Go see this show
Jennifer Steinkamp: Madam Curie
By Kinsee Morlan
When you walk into the Joan and Irwin Jacobs Building at the Museum of Contemporary Art San Diego's downtown location during the next few months, you might gasp (in a good way).
Artist Jennifer Steinkamp's "Madame Curie" installation is overwhelming. The seven-channel projection covers most of the walls surrounding the 4,500-square-foot gallery space and the animation moves just slightly, as if blowing in an ever-present, non-existent wind.
On the surface, Steinkamp's piece looks to be simply an aesthetically pleasing floral pattern—images of plants and flowers in someone named Madame Curie's garden. But it's just the starting point, the pleasant opening to a conversation that eventually leads to a discussion about nuclear power.
I emailed Steinkamp and asked her to explain:
Kinsee Morlan: Jennifer, your installation at MCASD is breathtaking. When you first walked into that huge, blank gallery, did you already have an idea of what you wanted to do in the space or do you let the space dictate the piece?
Jennifer Steinkamp: Two years ago when the museum contacted me I had no idea what I would make. The idea of a subject came to me driving past the frightening nuclear plant in San Onofre on the way to the museum.
KM: You've taken an interest in atomic energy, which is a topic at the top of many people's minds since the tsunami in Japan caused problems at the nuclear power plant. When and where did your interest begin? Has your research and exploration led to any conclusions? How does your installation relate to your research?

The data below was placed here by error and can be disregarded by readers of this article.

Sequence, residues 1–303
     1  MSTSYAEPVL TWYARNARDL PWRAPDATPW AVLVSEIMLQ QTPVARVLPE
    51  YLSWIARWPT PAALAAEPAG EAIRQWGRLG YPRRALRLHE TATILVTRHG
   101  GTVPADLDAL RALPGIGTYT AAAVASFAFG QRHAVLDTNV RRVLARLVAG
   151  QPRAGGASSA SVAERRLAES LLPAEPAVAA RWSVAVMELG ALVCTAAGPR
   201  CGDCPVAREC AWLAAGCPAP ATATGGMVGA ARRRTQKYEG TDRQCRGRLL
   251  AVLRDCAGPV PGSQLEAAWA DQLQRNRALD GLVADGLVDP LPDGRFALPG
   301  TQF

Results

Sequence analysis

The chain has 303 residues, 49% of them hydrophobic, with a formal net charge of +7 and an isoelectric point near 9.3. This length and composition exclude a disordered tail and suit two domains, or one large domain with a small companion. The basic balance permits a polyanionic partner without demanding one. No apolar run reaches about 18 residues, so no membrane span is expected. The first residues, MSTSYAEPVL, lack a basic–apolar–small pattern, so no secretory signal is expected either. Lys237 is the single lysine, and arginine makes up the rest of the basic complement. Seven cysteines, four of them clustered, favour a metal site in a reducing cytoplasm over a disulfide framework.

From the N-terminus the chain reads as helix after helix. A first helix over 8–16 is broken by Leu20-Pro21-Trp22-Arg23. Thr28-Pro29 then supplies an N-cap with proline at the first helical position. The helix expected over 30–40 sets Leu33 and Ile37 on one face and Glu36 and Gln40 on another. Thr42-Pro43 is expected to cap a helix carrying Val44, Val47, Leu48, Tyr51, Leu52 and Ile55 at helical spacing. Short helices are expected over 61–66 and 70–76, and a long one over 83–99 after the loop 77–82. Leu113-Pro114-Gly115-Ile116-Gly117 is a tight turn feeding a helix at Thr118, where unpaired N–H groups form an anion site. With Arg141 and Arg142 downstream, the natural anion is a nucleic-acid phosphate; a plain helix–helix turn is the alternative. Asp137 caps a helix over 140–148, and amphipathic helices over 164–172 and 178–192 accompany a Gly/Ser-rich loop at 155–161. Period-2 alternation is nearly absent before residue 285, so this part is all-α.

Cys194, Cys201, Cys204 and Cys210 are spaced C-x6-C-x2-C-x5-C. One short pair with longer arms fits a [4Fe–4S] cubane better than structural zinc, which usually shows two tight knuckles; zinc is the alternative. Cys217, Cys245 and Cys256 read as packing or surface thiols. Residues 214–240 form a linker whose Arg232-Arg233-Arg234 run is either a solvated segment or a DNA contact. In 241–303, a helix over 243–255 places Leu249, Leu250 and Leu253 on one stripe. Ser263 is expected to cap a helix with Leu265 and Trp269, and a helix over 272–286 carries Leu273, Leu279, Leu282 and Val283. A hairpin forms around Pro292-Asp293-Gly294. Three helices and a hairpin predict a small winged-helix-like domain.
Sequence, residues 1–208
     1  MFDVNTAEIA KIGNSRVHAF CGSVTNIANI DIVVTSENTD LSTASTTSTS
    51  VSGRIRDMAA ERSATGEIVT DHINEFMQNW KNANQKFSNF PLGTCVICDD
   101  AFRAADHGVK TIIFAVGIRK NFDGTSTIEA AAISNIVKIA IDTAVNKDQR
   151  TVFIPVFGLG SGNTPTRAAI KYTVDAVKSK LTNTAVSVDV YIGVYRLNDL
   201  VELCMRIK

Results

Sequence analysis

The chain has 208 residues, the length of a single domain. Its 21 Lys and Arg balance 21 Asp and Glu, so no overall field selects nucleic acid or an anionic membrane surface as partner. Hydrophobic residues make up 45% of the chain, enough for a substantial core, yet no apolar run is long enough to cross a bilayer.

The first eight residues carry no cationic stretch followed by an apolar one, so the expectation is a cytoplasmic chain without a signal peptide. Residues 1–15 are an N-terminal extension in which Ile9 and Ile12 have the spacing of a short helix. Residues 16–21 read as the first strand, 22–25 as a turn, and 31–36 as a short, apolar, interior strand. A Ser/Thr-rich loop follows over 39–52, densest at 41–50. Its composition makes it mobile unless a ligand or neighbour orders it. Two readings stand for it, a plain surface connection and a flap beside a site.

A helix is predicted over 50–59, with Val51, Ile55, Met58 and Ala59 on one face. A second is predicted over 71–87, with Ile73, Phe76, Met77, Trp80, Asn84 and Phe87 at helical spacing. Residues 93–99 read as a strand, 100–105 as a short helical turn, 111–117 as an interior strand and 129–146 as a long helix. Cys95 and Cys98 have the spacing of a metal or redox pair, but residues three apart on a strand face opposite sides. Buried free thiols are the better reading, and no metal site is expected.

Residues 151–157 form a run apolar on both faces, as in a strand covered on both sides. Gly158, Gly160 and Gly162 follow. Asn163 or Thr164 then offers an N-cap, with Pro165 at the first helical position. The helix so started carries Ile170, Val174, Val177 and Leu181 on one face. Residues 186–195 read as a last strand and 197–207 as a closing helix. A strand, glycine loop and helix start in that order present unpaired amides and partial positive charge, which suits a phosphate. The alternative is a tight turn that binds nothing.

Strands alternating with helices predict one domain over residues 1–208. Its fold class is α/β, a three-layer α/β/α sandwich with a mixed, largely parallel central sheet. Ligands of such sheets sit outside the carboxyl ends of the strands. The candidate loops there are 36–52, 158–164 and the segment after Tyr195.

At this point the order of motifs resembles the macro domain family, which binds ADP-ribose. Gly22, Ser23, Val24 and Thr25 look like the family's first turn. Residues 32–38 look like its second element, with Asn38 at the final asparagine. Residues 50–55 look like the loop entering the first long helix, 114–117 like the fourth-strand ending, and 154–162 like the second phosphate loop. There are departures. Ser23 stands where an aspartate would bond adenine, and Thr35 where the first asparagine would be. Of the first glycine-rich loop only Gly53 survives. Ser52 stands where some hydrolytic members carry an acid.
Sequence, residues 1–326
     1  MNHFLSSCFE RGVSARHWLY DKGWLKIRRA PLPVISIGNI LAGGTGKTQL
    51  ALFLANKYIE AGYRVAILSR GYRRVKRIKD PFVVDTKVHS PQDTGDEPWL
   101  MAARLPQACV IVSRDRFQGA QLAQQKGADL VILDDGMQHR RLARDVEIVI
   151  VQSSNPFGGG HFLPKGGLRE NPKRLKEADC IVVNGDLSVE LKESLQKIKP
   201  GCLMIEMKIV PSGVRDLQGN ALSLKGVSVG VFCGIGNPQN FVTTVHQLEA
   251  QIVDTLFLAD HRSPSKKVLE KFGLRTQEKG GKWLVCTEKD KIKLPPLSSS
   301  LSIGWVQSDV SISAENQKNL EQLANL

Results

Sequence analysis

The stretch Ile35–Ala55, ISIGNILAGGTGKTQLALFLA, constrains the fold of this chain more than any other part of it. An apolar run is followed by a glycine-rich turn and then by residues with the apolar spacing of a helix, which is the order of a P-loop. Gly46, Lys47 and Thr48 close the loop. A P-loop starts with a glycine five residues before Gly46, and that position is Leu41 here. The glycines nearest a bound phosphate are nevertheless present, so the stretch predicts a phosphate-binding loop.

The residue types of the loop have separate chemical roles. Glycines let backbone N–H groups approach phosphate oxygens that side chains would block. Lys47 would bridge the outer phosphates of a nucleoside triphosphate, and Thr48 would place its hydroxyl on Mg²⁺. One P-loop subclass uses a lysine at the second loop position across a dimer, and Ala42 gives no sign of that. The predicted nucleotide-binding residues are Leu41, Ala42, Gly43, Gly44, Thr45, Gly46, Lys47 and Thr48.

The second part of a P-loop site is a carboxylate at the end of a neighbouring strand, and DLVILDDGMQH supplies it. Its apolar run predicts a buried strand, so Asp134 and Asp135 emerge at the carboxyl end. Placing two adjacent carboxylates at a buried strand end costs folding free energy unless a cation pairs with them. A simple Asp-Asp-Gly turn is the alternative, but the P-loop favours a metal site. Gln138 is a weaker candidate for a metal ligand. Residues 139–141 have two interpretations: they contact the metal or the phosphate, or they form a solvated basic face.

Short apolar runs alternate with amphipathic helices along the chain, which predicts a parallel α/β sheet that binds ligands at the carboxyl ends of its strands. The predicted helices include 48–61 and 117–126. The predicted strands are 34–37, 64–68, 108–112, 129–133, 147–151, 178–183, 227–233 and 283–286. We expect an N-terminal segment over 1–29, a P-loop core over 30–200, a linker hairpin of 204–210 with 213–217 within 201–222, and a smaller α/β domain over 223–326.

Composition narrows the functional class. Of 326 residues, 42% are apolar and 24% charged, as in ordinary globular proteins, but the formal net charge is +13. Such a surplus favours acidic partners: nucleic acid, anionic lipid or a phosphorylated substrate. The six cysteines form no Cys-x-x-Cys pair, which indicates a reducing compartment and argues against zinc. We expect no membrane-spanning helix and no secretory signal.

JS: I have had a distrust and fear of nuclear power and weapons since grade school when we were taught to duck and cover. We also watched devastating films about Hiroshima and Nagasaki. Since then, the Three Mile Island accident, 1979, and the Chernobyl Disaster, 1986, should have put an end to the industry, not to mention many more radiation accidents. My research has found that nuclear power is too costly on all fronts including living beings and monetary. There is no way to dispose of the radioactive waste, unfortunately Fukoshima is proving these dangers as we speak.
My research took me on a winding path looking at the connections between nuclear power and weapons. I came across Madame Curie who won two Nobel Prizes in physics and chemistry for her research. I decided to look at her incredible life for inspiration. Besides being one of the foremost scientific minds in all history, it turns out she was enamored with flowers, her daughter's biography of Madame Curie mentions many throughout the book. I decided to use this little known and perhaps insignificant detail to make a peaceful homage to her brilliance.
KM: Do you plan on doing more work based on Marie Curie? What was it like getting to know her and her work? Any interesting factoids you want to share with our readers?
JS: I have no idea if I will make more Madame Curie work. It was very exciting to read about her life and her uphill struggles with sexist beliefs. It was a miracle she was able to accomplish so much with so much against her. She is an inspiration.
KM: What do you hope people take away from your piece at MCASD?
JS: I hope people enjoy the scale of the space. It really is an incredible gallery. I am so pleased to have had the chance to make work for it.
KM: What was unique about your experience at MCASD? Did the architectural space present any challenges or surprises?
JS: This is the most precise space I have come across. The builders were very skilled in their craft.
One thing that really did not occur to me until after I made the work: there is an incredible scientific community in San Diego. This is truly a happy coincidence for me and Madame Curie.